The rapid spread of the pandemic caused by the SARS-CoV-2 virus has created an unusual situation, with rapid searches for compounds to interfere with the biological processes exploited by the virus. Doxycycline, with its pleiotropic effects, including anti-viral activity, has been proposed as a therapeutic candidate for COVID-19 and about twenty clinical trials have started since the beginning of the pandemic. To gain information on the activity of doxycycline against SARS-CoV-2 infection and clarify some of the conflicting clinical data published, we designed in vitro binding tests and infection studies with a pseudotyped virus expressing the spike protein, as well as a clinically isolated SARS-CoV-2 strain. Doxycycline inhibited the transduction of the pseudotyped virus in Vero E6 and HEK-293 T cells stably expressing human receptor angiotensin-converting enzyme 2 but did not affect the entry and replication of SARS-CoV-2. Although this conclusion is apparently disappointing, it is paradigmatic of an experimental approach aimed at developing an integrated multidisciplinary platform which can shed light on the mechanisms of action of potential anti-COVID-19 compounds. To avoid wasting precious time and resources, we believe very stringent experimental criteria are needed in the preclinical phase, including infectivity studies with clinically isolated SARS-CoV-2, before moving on to (futile) clinical trials.

Doxycycline inhibition of a pseudotyped virus transduction does not translate to inhibition of sars-cov-2 infectivity / Diomede, L.; Baroni, S.; De Luigi, A.; Piotti, A.; Lucchetti, J.; Fracasso, C.; Russo, L.; Bonaldo, V.; Panini, N.; Filippini, F.; Fiordaliso, F.; Corbelli, A.; Beeg, M.; Pizzato, M.; Caccuri, F.; Gobbi, M.; Biasini, E.; Caruso, A.; Salmona, M.. - In: VIRUSES. - ISSN 1999-4915. - 13:9(2021), p. 1745. [10.3390/v13091745]

Doxycycline inhibition of a pseudotyped virus transduction does not translate to inhibition of sars-cov-2 infectivity

Bonaldo V.;Biasini E.;Caruso A.;
2021-01-01

Abstract

The rapid spread of the pandemic caused by the SARS-CoV-2 virus has created an unusual situation, with rapid searches for compounds to interfere with the biological processes exploited by the virus. Doxycycline, with its pleiotropic effects, including anti-viral activity, has been proposed as a therapeutic candidate for COVID-19 and about twenty clinical trials have started since the beginning of the pandemic. To gain information on the activity of doxycycline against SARS-CoV-2 infection and clarify some of the conflicting clinical data published, we designed in vitro binding tests and infection studies with a pseudotyped virus expressing the spike protein, as well as a clinically isolated SARS-CoV-2 strain. Doxycycline inhibited the transduction of the pseudotyped virus in Vero E6 and HEK-293 T cells stably expressing human receptor angiotensin-converting enzyme 2 but did not affect the entry and replication of SARS-CoV-2. Although this conclusion is apparently disappointing, it is paradigmatic of an experimental approach aimed at developing an integrated multidisciplinary platform which can shed light on the mechanisms of action of potential anti-COVID-19 compounds. To avoid wasting precious time and resources, we believe very stringent experimental criteria are needed in the preclinical phase, including infectivity studies with clinically isolated SARS-CoV-2, before moving on to (futile) clinical trials.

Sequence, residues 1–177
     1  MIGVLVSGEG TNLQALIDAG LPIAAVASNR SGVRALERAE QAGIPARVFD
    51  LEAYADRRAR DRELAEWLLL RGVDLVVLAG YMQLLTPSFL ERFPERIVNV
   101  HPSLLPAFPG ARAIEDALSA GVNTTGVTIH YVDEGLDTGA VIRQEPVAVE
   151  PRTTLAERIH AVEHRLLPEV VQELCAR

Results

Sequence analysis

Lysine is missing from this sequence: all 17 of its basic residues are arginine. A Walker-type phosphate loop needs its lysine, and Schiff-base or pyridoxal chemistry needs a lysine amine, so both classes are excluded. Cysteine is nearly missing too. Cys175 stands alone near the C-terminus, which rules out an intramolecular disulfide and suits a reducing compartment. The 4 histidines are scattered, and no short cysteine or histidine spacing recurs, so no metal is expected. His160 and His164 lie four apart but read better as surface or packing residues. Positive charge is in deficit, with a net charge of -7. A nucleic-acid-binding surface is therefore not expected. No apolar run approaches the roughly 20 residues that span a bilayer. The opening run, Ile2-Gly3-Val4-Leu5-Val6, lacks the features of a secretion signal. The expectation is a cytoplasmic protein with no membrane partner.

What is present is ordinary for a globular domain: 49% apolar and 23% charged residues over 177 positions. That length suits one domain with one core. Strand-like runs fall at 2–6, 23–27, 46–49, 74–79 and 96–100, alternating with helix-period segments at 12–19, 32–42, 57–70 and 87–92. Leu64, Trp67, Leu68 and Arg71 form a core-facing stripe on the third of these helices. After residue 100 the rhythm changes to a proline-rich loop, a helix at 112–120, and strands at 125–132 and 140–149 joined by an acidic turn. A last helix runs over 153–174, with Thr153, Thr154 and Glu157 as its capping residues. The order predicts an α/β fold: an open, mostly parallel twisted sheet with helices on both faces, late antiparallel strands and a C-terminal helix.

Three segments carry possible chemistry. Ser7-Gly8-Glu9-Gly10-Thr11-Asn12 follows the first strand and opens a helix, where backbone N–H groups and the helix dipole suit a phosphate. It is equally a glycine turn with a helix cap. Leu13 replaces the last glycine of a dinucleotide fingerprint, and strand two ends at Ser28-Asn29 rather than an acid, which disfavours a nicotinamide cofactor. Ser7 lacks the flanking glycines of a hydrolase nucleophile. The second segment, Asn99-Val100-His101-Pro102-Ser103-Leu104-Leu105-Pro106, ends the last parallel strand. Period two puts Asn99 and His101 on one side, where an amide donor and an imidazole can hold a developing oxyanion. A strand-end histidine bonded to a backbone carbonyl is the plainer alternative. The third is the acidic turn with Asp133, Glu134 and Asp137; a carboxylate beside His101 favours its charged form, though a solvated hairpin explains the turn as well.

2021
9
Diomede, L.; Baroni, S.; De Luigi, A.; Piotti, A.; Lucchetti, J.; Fracasso, C.; Russo, L.; Bonaldo, V.; Panini, N.; Filippini, F.; Fiordaliso, F.; Cor...espandi
Doxycycline inhibition of a pseudotyped virus transduction does not translate to inhibition of sars-cov-2 infectivity / Diomede, L.; Baroni, S.; De Luigi, A.; Piotti, A.; Lucchetti, J.; Fracasso, C.; Russo, L.; Bonaldo, V.; Panini, N.; Filippini, F.; Fiordaliso, F.; Corbelli, A.; Beeg, M.; Pizzato, M.; Caccuri, F.; Gobbi, M.; Biasini, E.; Caruso, A.; Salmona, M.. - In: VIRUSES. - ISSN 1999-4915. - 13:9(2021), p. 1745. [10.3390/v13091745]
File in questo prodotto:
Non ci sono file associati a questo prodotto.

I documenti in IRIS sono protetti da copyright e tutti i diritti sono riservati, salvo diversa indicazione

Utilizza questo identificativo per citare o creare un link a questo documento: https://hdl.handle.net/11572/320553
 Attenzione

Attenzione! I dati visualizzati non sono stati sottoposti a validazione da parte dell'ateneo

Citazioni
  • ???jsp.display-item.citation.pmc??? 1
  • Scopus 4
  • ???jsp.display-item.citation.isi??? 5
social impact